UK’s ‘most scandalous Spoons’ inside raunchy cinema starring Queen of Sex after rebel ‘waved the banner for Brit nudity’

UK’s ‘most scandalous Spoons’ inside raunchy cinema starring Queen of Sex after rebel ‘waved the banner for Brit nudity’

THE UK’s “most scandalous Spoons” was once a raunchy cinema starring the Queen of Sex – after a rebel “waved the banner for British nudity”.

Wetherspoons has given its Prince of Wales pub in Cardiff a £1.86million makeover – but the boozer hides a sordid past.

UK’s ‘most scandalous Spoons’ inside raunchy cinema starring Queen of Sex after rebel ‘waved the banner for Brit nudity’
Media Wales

The pub used to be a raunchy cinema[/caption]

Media Wales/John Myers

Wetherspoons has given its Prince of Wales pub in Cardiff a £1.86million makeover[/caption]

Media Wales/John Myers

The pub looks very different now[/caption]

From 1965 to 1984, the pub was a 2,000-capacity cinema showing erotic movies.

The cinema screened films with titles like “Mondo Sex” and hosted the “Prince of Wales Casino Club” in its basement.

Local Brian Lee told WalesOnline: “There was a parrot on the stairs and people used to blow cigarette smoke in its face.

“It would get a bit nasty. Apparently they said it was as good as some of the casinos you would see in London.

“A friend of mine had three weeks wages which were £79 then – and he lost it all in one night.”

On its final night before closing in 1984, the cinema screened “Alexandra, Queen of Sex” and “Boys and Girls Together” as a double bill.

In 1966 Shepherd’s Bush murderer Harry Roberts was seen hiding in the cinema after killing three cops in west London.

A 12-year-old boy rushed to tell a doorman after seeing Roberts lurking above the stage – sparking a manhunt across south Wales.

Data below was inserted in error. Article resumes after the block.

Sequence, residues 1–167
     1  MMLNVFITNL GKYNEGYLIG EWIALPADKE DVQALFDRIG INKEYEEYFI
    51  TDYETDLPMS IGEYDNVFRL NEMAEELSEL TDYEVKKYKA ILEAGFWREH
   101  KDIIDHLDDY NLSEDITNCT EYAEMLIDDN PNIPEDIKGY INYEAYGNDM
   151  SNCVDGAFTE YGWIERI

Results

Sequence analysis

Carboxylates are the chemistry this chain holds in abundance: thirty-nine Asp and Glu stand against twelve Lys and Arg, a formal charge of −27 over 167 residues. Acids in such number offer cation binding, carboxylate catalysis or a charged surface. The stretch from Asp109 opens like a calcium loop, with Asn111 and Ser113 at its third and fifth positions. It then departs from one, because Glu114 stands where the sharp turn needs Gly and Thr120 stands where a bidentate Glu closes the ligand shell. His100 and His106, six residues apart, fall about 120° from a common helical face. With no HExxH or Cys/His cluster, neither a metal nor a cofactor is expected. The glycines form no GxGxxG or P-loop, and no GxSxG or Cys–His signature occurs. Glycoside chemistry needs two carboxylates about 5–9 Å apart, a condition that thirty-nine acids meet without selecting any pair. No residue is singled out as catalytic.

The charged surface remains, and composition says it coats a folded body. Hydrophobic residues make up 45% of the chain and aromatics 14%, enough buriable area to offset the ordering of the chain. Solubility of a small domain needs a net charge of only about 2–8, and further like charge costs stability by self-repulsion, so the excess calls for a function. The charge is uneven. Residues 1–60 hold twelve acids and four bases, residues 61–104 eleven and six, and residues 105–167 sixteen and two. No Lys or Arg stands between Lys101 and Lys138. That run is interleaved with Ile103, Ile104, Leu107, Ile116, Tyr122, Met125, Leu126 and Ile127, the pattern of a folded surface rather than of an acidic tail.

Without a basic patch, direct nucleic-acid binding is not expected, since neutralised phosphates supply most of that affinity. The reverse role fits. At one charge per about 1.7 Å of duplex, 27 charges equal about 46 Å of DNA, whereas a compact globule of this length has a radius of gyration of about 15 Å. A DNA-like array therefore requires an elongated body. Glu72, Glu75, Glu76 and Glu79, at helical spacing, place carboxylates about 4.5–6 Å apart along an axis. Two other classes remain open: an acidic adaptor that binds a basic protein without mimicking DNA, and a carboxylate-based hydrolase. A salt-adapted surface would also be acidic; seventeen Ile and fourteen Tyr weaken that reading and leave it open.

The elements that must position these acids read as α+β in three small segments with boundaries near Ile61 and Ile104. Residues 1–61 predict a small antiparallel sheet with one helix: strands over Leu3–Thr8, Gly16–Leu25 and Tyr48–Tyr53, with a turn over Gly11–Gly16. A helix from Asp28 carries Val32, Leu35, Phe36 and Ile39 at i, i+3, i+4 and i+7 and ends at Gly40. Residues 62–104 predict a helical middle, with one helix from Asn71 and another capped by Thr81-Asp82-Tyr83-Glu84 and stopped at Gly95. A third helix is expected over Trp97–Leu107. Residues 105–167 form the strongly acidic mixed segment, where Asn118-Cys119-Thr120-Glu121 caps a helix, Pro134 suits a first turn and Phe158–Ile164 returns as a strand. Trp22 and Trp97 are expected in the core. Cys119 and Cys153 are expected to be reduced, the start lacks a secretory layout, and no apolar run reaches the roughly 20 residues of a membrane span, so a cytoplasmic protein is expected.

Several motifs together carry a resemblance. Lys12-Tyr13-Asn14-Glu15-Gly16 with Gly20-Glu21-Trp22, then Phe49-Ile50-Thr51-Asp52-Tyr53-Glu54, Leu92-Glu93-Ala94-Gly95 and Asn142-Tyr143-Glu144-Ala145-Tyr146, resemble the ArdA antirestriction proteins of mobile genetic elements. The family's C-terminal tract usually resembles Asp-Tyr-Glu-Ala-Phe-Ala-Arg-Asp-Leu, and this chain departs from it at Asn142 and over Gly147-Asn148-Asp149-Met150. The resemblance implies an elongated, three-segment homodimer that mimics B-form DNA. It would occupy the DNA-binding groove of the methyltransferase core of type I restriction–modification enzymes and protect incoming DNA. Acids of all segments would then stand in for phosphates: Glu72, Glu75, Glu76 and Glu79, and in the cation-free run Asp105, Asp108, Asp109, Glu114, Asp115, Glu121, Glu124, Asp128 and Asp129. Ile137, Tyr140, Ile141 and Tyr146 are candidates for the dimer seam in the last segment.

The killer was snared months later at a farm 96 miles away from the raunchy cinema.

Back in the 1600s, a church stood on what would later be the site of the raunchy cinema.

Britain’s raunchy cinema scene

FOR much of the twentieth century, British cinemas were banned from showing raunchy films.

But in the summer of the 1960, pin-up snapper Harrison Marks spotted a clever loophole.

Marks twigged that censors would approve a film showing nudity – if its setting was “recognisable as a nudist camp or nature reserve”.

He cheekily told the British Board of Film Censors: “I’m going to be waving the banner for British nudists.”

Marks’ film “Naked as Nature Intended” showed bikini-clad girls frolicking around Stonehenge and the Cornish seaside town of Porthcurno.

In the final 20 seconds, glamour model Pamela Greene revealed all – marking the launch of the British “nudie” film.

Soon “nudies” were being screened at dingy Soho strip clubs and peep shows.

But as the Swinging Sixties changed Britain, the films with their prim “nudist” plots started to seem a little old-fashioned.

Brits were soon watching sex scenes on their TV sets, marking the end of the “nudie” era.

But the church was swamped by the Great Flood of 1607 and later abandoned – with the site eventually put to more profane use.

Today punters enjoy their pints on what was once the erotic cinema’s stage, overlooked by the VIP box with its red and gold curtain.

Wetherspoons has decorated the pub with old posters and programmes – a coy nod to its seedy past.

Media Wales/John Myers

The bar is where the cinema screen used to be[/caption]

Media Wales

The pub used to be a normal cinema[/caption]

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